That Magic Lantern thing just keeps raising its head (and an ugly little head it is too, poor thing.) Earlier this week I was in Krems, Austria, for the EICAR conference,and the story was alluded to in a paper by Eric Filiol and Alan Zaccardelle called “Magic Lantern. Reloaded/Anti-Viral psychosis McAfee Case,” though it was kind of peripheral to the other topics covered in that paper.
I picked up one of those other topics in a blog for SC Magazine, in particular the suggestion that the industry – or at any rate one of our competitors – exaggerates the size of the malware threat by detecting the same threat under more than one name. I’m quite clear in my own mind that this suggestion is the result of confusion between the number of threats and the number of detections (signatures, if you like) that a scanner has. I addressed that at some length for SC Mag, but the gist is this.
- The total number of threats a company has detection for is arbitrary and subjective: it depends entirely on how you count. ESET doesn’t, as a matter of policy, discuss that total as far as our engine is concerned, because it wouldn’t be useful and would generally be misleading.
- Actually, the number of threats received on a daily basis is also pretty subjective, though it does it least give some idea of the magnitude of threats. In our case, I believe it’s a count of unique binaries: other companies may do it differently. Oh look, I forgot to tell you what the number is.
- Neither count has anything to do with detection names, which is one of the points of the paper: the authors suggest that because in one case, the same threat was detected at different times using 3-4 different names (four according to the presentation, if I remember correctly), it means that the vendor in question is quoting four times the real number of threats they process. This is a fallacy:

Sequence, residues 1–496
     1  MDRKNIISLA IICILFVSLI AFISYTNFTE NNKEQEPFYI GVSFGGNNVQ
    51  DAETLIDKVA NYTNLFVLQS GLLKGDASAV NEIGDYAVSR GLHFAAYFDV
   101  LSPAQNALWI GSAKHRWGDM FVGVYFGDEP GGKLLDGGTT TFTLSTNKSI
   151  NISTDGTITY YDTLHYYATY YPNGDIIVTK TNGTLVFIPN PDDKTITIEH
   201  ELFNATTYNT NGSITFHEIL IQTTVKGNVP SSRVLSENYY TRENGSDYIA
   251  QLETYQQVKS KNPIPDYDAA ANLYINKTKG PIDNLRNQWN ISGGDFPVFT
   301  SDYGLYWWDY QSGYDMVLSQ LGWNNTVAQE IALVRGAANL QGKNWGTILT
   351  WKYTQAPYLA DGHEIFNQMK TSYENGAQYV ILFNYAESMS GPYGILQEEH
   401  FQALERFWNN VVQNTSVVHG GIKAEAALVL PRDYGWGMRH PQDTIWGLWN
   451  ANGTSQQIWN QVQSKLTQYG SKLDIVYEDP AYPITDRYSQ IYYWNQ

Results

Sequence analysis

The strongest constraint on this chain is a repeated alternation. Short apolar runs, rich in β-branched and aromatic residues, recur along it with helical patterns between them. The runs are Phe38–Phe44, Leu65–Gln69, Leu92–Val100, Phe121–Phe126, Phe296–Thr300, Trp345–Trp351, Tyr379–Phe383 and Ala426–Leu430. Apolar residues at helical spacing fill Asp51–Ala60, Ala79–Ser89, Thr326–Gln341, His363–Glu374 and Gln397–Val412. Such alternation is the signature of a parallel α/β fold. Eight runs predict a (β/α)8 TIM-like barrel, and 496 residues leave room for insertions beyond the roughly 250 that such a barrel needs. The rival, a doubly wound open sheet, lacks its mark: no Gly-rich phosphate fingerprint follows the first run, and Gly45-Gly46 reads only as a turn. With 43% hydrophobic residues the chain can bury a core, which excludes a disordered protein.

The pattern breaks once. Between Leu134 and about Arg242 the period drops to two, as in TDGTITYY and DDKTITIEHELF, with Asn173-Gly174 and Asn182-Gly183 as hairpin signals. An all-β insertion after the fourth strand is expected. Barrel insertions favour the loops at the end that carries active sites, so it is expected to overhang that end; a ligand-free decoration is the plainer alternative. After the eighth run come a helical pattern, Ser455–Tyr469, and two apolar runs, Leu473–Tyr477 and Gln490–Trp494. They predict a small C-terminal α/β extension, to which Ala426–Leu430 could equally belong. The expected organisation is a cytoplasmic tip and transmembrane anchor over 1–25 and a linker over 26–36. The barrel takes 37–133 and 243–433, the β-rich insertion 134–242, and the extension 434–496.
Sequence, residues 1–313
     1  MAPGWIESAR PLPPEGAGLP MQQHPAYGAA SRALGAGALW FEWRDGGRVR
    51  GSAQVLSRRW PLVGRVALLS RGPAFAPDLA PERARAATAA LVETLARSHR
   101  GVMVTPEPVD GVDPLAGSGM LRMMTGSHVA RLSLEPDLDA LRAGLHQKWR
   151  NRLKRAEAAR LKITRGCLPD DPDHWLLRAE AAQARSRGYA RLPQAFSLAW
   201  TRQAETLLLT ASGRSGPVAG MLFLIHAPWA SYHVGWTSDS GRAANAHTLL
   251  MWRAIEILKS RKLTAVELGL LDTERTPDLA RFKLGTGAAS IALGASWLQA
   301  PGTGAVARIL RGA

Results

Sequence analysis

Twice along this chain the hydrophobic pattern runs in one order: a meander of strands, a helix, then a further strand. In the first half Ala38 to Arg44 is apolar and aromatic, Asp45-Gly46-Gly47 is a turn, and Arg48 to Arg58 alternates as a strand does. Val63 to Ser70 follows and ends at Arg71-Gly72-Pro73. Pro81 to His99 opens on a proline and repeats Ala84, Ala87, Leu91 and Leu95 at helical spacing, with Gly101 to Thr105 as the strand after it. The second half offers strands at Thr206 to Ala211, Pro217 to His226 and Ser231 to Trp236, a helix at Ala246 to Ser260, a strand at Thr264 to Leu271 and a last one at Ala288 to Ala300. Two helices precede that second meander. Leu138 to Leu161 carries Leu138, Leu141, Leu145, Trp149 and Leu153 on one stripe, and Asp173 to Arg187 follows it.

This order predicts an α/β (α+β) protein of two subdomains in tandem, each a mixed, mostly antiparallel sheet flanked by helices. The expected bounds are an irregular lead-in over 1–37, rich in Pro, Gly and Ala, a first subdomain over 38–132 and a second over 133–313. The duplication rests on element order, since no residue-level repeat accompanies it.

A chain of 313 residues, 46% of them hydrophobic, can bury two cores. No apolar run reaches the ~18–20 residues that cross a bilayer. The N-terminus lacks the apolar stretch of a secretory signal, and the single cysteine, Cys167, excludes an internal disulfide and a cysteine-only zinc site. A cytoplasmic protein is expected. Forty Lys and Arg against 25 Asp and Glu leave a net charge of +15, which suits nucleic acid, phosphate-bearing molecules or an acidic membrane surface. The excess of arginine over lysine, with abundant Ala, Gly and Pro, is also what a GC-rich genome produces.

- Detection names evolve as we learn more about a threat.
- They may also be different according to the detection context (for example, whether paranoid heuristics are being used).
- Detection names might actually be intended to give information to the lab that generated them as much as or more than to the customer.
- Most importantly, there is no “standard” way of detecting a threat: there may be many ways of detecting it, and all of them valid.
Let’s try the hypothetical example of a malicious program that uses a well-known malicious obfuscator. What do you call the detection?
- Product A might give it a name that reflects the fact that the basecode clearly belongs to a certain malware subfamily. If the family includes 150 variants, each variant might have a different name.
- Product B might see resemblances to a wider family and name it accordingly with a name that reflects a single generation detection that picks up 100,000 subvariants.
- Product C might give it a name that reflects the obfuscator that was used.
- Product D might give it a name that reflects the obfuscation algorithm.
- Product E might detect everything that uses an obfuscator – any obfuscator. So the number of samples that C, D and E detect under a single name might vary widely between each product.
- Product F might use a name that reflects one of its other characteristics: for example, the fact that it uses autorun.inf to install itself, if it can. In that case, a single name might cover millions of samples and thousands of otherwise unrelated families.
In this instance, two products might both detect every sample of our hypothetical malware that exists. Which is best, A or F? You might argue that A is best because it has more signatures, or that F is best because it detects more samples. Actually, you can’t determine which is best, because they’re counting different things, and anyway the detection names don’t tell you anything about numbers in either instance.
In that blog, I said that I didn’t know if the competitor in question publishes the total number of threats it detects. (That was literally true: I was getting my internet connection in a hotel, and for some reason it wouldn’t connect to any of the search engines I tried. It’s amazing how difficult it is to research a topic without a search engine.)
Kurt Wismer suggested that it does, and came up with this link from 2006. However, that looks to me like The Register’s interpretation of some figures about detections, not numbers of individual threats. [Update: I owe thanks to Kurt, who has since found the post by Jimmy Kuo to which the Register article refers, and confirms that it’s about detections, not raw threat volumes.]
In any event, I would certainly suggest that you take any statement like “Grottyscan AntiVirus is best because it detects 200 million viruses” with a pinch of salt. Actually, a whole salt mine.
David Harley CITP FBCS CISSP
ESET Senior Research Fellow
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